The moorland looks amazing at the moment on RSPB Loch Gruinart reserve. The heather is in full bloom; the hills are purple and the air is sweet!
This last flush of colour is a sign of autumn. I was out on our moorland seeking out marsh fritillary caterpillars, an other autumnal character.
They feast on devils-bit scabious alone, which is often found in moorland fringes. They form these webs for safety and warmth.
To add a bit of luck to my day I found a couple of patches of white heather, which stood out like snow in a coal yard.
The luck showed itself shortly afterwards when an osprey flew overhead with a fish in its talons and circled me for about 10 minutes before flying off. I took a picture, but I think it is destined for Mark's photography corner...
I'm not sure how it is possible for a camera to make a bird seem further away...
Well I thought I'd continue the 'change' theme seeing as it's my last day volunteering for the RSPB on Islay (sniffle)......until I return for a month in October! Hurrah! Anyone who hasn't tried residential volunteering yet, I heartily recommend it! It’s a fantastic way of supporting the work the RSPB do, even if it’s for a couple of weeks, and a truly great experience. I’m sad to be leaving even though I’m coming back.
So, back to what else is changing around here. The last few days has brought strong winds, and the late brood of swallows nesting on the South Hide have been practicing their flying skills before their long journey south, learning how to use the wind and alternating this with clinging on to the vegetation outside the windows! Here’s a couple of pics – you can still see the white gape on this fledgling.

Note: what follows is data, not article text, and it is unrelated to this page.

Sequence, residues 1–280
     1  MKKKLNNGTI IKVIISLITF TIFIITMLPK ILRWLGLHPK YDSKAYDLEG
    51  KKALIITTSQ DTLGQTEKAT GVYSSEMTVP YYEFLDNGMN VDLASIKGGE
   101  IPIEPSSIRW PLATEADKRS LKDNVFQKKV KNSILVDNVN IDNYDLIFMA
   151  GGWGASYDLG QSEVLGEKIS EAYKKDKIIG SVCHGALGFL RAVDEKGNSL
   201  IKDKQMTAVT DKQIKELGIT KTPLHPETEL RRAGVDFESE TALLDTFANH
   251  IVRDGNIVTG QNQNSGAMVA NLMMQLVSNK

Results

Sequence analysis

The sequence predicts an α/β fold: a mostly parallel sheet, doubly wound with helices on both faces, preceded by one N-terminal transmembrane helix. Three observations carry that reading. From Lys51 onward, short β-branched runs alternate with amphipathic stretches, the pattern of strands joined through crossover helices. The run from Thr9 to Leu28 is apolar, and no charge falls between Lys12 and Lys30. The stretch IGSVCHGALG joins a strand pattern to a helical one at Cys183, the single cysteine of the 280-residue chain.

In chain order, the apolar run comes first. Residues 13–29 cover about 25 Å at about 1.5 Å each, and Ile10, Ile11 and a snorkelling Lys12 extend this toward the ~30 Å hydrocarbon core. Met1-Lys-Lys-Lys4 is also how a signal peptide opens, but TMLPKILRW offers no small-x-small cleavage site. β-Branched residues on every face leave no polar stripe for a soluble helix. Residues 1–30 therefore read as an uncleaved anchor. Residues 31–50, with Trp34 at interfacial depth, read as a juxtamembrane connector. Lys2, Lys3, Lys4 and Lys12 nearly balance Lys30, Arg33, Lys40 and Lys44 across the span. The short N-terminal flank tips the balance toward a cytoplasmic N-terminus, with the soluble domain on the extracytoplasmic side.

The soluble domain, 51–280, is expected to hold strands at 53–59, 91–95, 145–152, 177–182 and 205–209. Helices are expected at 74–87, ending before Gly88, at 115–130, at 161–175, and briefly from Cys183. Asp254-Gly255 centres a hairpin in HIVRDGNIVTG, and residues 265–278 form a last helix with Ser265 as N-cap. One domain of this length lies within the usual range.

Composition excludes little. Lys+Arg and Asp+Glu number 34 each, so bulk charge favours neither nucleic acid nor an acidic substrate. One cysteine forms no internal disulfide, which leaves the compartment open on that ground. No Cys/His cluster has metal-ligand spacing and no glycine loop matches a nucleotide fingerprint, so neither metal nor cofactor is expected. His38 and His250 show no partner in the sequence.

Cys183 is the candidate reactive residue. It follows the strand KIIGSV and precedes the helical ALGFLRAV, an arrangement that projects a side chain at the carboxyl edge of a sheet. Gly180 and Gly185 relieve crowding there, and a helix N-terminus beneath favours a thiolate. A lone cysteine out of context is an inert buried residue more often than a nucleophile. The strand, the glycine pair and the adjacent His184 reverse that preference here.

And every day for the last 3 days I’ve seen a Small Copper butterfly on the trails leading up to the hides – looks very fresh. The Small Copper has two broods in the year, the later one being end July-September hence their current flight period.
And as for the weather....
Yes this truly is an amazing place. I'll be back! ;-D
Fox moth larvae are one of the more commonly seen and conspicuous caterpillars on Islay through autumn and early winter. This is an early instar and will change colour and grow a great deal, though the yellow bands usually remain pretty distinctive.
The change from summer to autumn is well under way here at the Oa, with Devil's-bit scabious abundant and the heather in bloom. Nettles and other vegetation are dying back quite rapidly now and there's a chill in the morning air that has had Alasdair and I looking out the heavy gloves and layers in preparation for the thrills of another Oa winter. We said goodbye to Geraint and Remi this week, both of whom have migrated south with no return date. Thanks and good luck to them both.
This is currently the view from Beinn Mhor looking west(ish) towards Kinnabus farm and the Rhinns of Islay in the background.